Much of our attachment to our favorite teams and players in the NHL is centered upon how they appear on the ice. This in turn is regulated by the teams themselves, the NHL, the fans buying practices and the historic jerseys and memorabilia. However, there is another player that is often forgotten: the sponsors. And this off-season the NHL made a deal with Adidas, which will start in the 2017-18 season.
Though they express much behind the scenes power in the equation, perhaps more power overall than any other group except perhaps the fans due to their ability to leverage all of the other groups against each other, they will never totalitarian-istically change the jerseys to something universally detested. This is because it would reflect badly upon them, which is decidedly against the point of sponsorship in the first place. However, let’s take a look at what that might mean anyway.
A Few Potential Changes
Part of the problem is that hockey jerseys are and have been iconic of the sport since the beginning. Not only this, but they’ve always been a unique uniform from the other major sports. This style, the logos, and the people that have worn them are intrinsically woven into the thread of the sport as much as the corporate dollars are.
The fear at the center of the controversy is that Adidas will want to do something that will damage this. In truth, I can’t put that to bed as I don’t work for Adidas and can’t tell you if anything is going to change dramatically in the future from the Stanley Cup Champs’ jerseys. What I can do is discuss a few realistic potential options.
Adidas currently produces the jerseys for MLS, the NBA, and most of the most internationally recognizable European football teams. This contract acquisition means they are solidifying their ownership of much of the jersey market. It doesn’t necessarily mean that they’ll be turning NHL Jerseys into soccer jerseys.
The main difference between the blatant corporate sponsorship that trumps the team brand on soccer jerseys is, in part, that there is a tradition there of more obvious sponsorship. The difference between the MLS and the NBA or NHL is that MLS is largely patterned on the success of European leagues of soccer. These leagues all have deeply entrenched traditions of providing more money for the club to acquire better stadiums and players by selling corporate space on the jerseys.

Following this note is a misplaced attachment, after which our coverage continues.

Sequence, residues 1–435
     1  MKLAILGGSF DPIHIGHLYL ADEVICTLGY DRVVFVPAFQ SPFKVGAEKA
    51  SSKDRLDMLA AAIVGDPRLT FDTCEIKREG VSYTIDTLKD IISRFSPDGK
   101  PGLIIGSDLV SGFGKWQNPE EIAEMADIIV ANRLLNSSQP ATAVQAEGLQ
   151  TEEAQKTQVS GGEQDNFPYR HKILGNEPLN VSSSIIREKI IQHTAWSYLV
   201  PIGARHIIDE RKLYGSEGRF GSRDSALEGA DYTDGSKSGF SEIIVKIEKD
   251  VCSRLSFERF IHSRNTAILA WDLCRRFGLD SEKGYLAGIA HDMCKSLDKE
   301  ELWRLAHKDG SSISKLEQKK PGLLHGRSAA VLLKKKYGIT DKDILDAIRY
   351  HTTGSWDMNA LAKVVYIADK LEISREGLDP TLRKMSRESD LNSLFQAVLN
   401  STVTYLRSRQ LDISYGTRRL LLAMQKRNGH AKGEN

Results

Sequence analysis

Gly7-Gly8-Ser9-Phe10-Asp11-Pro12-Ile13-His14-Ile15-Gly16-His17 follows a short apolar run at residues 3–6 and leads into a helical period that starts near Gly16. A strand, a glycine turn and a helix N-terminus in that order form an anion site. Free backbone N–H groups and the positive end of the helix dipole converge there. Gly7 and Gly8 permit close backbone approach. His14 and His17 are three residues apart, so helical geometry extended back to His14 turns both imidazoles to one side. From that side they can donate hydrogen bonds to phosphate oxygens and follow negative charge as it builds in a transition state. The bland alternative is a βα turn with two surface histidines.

The NBA has never had that tradition. Up to the day of the writing of this article there are no large corporate sponsorship labels on the front of team jerseys in place of team logos. Would hockey necessarily be any different? Especially when the teams and fans themselves love their logos and current jerseys so much?
World Cup of Hockey
This year’s World Cup of Hockey is going to be a testing ground of sorts, according to the pundits. This is because Adidas also has the right to produce the national teams’ jerseys for it. Unfortunately, there is no correlation between what they will do at the World Cup and what they will do for the individual league teams. That’s purely judging on their design for national soccer teams as contrasted with individual clubs. Just Google images for Real Madrid and the Spain National Football team and you’ll see that when it comes to national pride, Adidas keeps sponsorship well wide.
Adidas v. Reebok
Something that people are forgetting, too, is that it wasn’t as if the NHL didn’t have a jersey sponsor before. In fact, the company that was the jersey sponsor is a subsidiary of the company that will be the sponsor. How much their company ethics and cultures differ is a difficult question to answer, however. One thing that should be noted is that in spite of Reebok being a subsidiary of Adidas they still operate independently of each other to a large extent.
Perhaps the most important thing to remember in all of this is that fans buying the product are probably the most important force in the whole affair. Because of the jersey designs that you love and love to represent, your team is actually better funded. Therefore they become more capable to compete on a league-wide level because they can retain your favorite players and acquire others that can be essential to the team. So buy the jerseys you love and don’t buy the ones you don’t. Sponsorship or not, it’s about the team.
Adidas Logo by warrenski from Foter.com